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The Jewish mystics of the 17th century, the Kabbalists, created a special ritual—modeled after the Passover seder—to celebrate God's presence in nature. Today in modern Israel, Tu BiShvat has become a national holiday, a tree planting festivaTu BiShvat is not mentioned in the Torah. Scholars believe the holiday was originally an agricultural festival, corresponding to the beginning of spring in Israel. But a critical historical event helped Tu BiShvat evolve from a simple celebration of spring to a commemoration of our connection to the land of Israel. After the destruction of the Second Temple in 70 C.E. and the exile that followed, many of the exiled Jews felt a need to bind themselves symbolically to their former homeland. Tu BiShvat served in part to fill that spiritual need. Jews used this time each year to eat a variety of fruits and nuts that could be obtained from Israel. The practice, a sort of physical association with the land, continued for many centuries.l for both Israelis and Jews throughout the world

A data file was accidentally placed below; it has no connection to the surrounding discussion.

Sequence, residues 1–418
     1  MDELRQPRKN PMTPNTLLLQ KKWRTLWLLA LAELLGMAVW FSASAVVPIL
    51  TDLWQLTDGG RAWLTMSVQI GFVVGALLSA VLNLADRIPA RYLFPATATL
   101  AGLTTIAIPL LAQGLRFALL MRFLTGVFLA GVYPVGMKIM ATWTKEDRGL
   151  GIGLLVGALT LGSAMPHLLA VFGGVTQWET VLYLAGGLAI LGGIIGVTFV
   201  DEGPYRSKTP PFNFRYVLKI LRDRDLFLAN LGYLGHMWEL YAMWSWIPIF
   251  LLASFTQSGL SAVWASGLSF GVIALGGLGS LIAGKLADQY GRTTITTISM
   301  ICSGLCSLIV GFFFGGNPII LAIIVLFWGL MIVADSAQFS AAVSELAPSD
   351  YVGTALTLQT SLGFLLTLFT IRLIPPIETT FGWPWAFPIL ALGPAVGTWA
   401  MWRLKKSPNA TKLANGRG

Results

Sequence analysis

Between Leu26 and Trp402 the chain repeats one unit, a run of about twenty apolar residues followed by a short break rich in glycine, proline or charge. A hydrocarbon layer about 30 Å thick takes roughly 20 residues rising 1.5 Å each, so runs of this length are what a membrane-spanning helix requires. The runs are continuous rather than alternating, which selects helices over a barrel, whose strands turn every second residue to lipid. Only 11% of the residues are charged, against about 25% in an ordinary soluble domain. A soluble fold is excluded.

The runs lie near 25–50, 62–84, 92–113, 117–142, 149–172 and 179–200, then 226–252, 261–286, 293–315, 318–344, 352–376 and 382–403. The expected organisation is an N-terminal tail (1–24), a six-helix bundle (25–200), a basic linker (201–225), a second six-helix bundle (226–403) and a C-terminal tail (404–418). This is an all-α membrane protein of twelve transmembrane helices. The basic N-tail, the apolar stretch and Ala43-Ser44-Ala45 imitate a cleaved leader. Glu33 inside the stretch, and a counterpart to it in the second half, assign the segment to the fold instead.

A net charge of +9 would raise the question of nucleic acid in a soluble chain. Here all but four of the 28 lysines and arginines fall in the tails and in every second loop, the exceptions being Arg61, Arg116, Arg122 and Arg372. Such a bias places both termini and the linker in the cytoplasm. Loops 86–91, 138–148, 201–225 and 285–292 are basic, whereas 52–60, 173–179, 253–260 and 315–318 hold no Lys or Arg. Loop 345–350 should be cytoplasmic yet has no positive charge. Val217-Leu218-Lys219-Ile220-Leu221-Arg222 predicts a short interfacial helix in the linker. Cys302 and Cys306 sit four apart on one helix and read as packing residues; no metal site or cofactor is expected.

Although the celebration of Tu BiShvat has a long and varied history, the theme most commonly ascribed to the holiday today is the environment.
Lag BaOmer is a shorthand way of saying the 33rd day of the Omer. (The numerical value of the Hebrew letter lamed is 30, and the value of gimel is three; lamed and gimel together are pronounced “lahg.”) In addition to tracking the agricultural cycle, the Omer marks the seven-week period from Passover, which commemorates the Israelites’ Exodus from Egypt, to Shavuot, which commemorates the giving of the Torah at Mount Sinai.